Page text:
At least four years in the making: Draft FDA guidelines on nanotechnology in food and cosmetics

Posted May 2, 2012 by Dr. Steve Suppan   

Food safetyHealthNanotechnology

Used under creative commons license from kun0me.

Titanium dioxide nanowire, magnified 200,000 times.

On April 20, the U.S. Food and Drug Administration (FDA) released for public comment two draft guidance to industry documents, about 25 pages each, on the use of nanotechnology in food and cosmetics products respectively. The incorporation of atomic to molecular-sized Engineered Nanoscale Materials (ENMs) into FDA regulated products is supposed to have benefits both for food manufacturers and consumers. For example, coating food conveyer belts with nano-silicon dioxide should, in theory, prevent pathogen growth, make the belts easier to clean, and reduce the likelihood of contamination of the food carried on the conveyor belts.

Despite manufacturer identified evidence that use of ENMs in consumer products, including food, continues to increase, and despite scientific literature that indicates ENMs may pose significant health risks, the FDA currently does not yet regulate ENMs. Strong final guidance documents can become a basis for subsequent mandatory regulation.

These guidance documents do not respond explicitly to a lawsuit filed by the International Center for Technology (ICTA) assessment, in which IATP is a co-plaintiff. The complaint requires FDA to respond to the May 2006 ICTA, et al. petition to regulate the use of nano-titanium dioxide in sunscreens and other FDA regulated products, including processed foods. On the same day that FDA responded to the lawsuit by finally responding to the petition, it also released the guidances.

IATP joined ICTA and Friends of the Earth in responding to the draft guidance. We strongly urge consumer organizations and the public in general to strengthen the draft guidance by submitting comments. There will be a 90-day comment period once the draft guidance is published in the Federal Register, i.e., a mid-June comment deadline.

The guidance documents are the result of an exceedingly deliberate process that began with a 2007 workshop, a 2008 workshop report and intensive industry-FDA dialogue to produce documents that have “voluntary guidance” and “not for implementation” written on every page. Relative to the demands of the ICTA, et al. petition, these documents do not demand much of ENMs manufacturers, nor of those who incorporate ENMs into FDA-regulated food and cosmetic products.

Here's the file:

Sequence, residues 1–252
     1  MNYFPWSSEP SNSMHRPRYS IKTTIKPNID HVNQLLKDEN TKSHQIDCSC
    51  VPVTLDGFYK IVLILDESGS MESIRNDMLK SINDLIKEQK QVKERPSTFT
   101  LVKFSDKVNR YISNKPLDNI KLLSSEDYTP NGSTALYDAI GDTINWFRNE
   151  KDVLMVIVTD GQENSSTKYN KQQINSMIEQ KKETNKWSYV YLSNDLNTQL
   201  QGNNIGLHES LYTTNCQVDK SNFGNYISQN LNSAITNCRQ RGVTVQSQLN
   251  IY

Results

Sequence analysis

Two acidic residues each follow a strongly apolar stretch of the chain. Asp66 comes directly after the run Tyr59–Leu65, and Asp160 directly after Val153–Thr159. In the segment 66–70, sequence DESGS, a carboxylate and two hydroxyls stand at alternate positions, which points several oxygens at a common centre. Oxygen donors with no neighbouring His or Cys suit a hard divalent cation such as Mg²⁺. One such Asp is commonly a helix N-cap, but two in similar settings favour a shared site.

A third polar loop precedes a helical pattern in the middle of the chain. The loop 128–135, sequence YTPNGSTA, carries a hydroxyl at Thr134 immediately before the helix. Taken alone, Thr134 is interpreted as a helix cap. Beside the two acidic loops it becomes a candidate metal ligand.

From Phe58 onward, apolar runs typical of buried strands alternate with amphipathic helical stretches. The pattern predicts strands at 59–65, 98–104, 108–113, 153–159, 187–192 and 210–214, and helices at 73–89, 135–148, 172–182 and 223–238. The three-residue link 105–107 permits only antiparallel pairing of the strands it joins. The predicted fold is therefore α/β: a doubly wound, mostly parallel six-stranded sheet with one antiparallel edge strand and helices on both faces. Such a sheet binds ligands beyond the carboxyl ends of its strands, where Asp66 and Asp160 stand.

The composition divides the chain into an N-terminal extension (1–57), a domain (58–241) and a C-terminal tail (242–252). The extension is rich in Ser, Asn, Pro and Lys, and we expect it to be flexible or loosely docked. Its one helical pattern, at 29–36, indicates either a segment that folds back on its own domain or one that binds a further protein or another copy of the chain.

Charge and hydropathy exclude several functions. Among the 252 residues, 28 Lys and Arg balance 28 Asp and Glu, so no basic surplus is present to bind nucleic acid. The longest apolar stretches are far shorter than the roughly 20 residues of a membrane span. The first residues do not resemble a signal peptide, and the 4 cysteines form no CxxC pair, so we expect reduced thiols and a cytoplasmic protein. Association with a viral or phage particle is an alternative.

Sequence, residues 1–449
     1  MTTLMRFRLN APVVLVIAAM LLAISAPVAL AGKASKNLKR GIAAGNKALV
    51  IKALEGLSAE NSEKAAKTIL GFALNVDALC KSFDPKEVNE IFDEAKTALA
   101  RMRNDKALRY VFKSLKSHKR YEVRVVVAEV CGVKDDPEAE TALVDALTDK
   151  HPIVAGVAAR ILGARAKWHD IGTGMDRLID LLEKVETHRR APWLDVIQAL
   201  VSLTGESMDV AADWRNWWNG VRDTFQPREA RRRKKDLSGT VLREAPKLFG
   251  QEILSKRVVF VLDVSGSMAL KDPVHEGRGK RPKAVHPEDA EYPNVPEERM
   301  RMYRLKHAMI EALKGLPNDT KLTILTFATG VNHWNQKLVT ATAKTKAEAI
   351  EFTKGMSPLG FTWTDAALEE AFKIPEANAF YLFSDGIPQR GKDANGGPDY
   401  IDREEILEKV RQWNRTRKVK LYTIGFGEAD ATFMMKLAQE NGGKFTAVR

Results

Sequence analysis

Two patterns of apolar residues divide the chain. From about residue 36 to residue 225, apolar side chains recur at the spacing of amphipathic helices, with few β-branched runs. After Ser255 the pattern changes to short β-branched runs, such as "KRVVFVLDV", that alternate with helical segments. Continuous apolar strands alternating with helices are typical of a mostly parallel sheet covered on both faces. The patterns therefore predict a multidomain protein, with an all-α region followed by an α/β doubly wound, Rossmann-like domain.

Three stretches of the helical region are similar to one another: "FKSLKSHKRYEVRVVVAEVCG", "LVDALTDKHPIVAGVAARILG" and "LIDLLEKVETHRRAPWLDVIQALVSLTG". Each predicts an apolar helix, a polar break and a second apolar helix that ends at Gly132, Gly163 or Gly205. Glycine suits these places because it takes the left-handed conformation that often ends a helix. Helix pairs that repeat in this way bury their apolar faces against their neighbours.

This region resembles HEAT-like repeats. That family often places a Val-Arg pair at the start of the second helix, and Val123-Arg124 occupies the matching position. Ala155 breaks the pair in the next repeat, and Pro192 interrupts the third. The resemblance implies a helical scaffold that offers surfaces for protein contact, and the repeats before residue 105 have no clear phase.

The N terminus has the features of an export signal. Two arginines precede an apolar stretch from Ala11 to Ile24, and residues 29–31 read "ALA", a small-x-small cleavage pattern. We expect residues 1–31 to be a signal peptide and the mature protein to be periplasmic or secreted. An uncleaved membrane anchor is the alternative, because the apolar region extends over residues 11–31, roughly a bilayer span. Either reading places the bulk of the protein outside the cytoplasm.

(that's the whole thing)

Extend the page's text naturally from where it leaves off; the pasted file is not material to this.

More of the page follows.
Generally speaking, the guidance on cosmetics is more specific than the “food substance” guidance concerning the environmental, health and safety issues that form the core of FDA’s statutory duties. For example, the cosmetics guidance suggests that industry may have to revise its toxicology tests when ENMs are added to cosmetics because of the unique properties of ENMs relative to their macro-sized counterparts. FDA advises industry that it may wish to use “tiered testing” of products, which is similar to the EU’s REACH program for registration and testing of chemicals, though REACH isn’t named explicitly. 

The “food substance” guidance advises that industry will have to determine on a case-by-case basis whether use of ENMs results in a “significant manufacturing process change” that would warrant submission of data to FDA for a formal pre-market approval. Much of this guidance is not specific to nanotechnology but is structured in such a way as to outline the legal framework for assessing the safety and regulatory conformity of a food substance, whether or not it incorporates ENMs. The guidance gives examples of cases where “significant process changes” did not affect existing industry determinations that food substances were “Generally Recognized As Safe” (GRAS).

However, in probably the most important feature of the food substance guidance, FDA advises that ENMs “likely would not be covered by existing GRAS” and that industry would have to submit product data with ENMs for a “formal pre-market review.” According to a February 2010 General Accountability Office report, industry self-determination of GRAS, could lead to the non-reporting to FDA of ENMs in FDA regulated products. Therefore, FDA’s announcement that ENMs would not be assumed to be GRAS is a significant step towards regulation. Lack of a formal definition of ENMs that could be applied by all agencies has hindered regulation of ENMs in food and food contact surfaces. Now the FDA has proposed to industry that it should count on a formal pre-market review of data on the nano-scale versions of GRAS designated materials. Consumer organizations, the scientific community and the general public should support this proposal.

Perhaps the least useful part of the food substance guidance concerns the discussion of “self-limiting levels of use,” according to which manufacturers would not knowingly add an ingredient that would make an FDA regulated product unsafe or unfit for consumption. The advice does not address the validity of “self-limitation” when so little is known about the levels of ENMS incorporation present environmental, health or safety risks. Here too, comments are urgently needed to document for FDA the irrelevance of advice on industry self-limitation in the use of ENMs in foods, when so little has been published on the effects of chronic exposure to ENMs in the gastro-intestinal tract.




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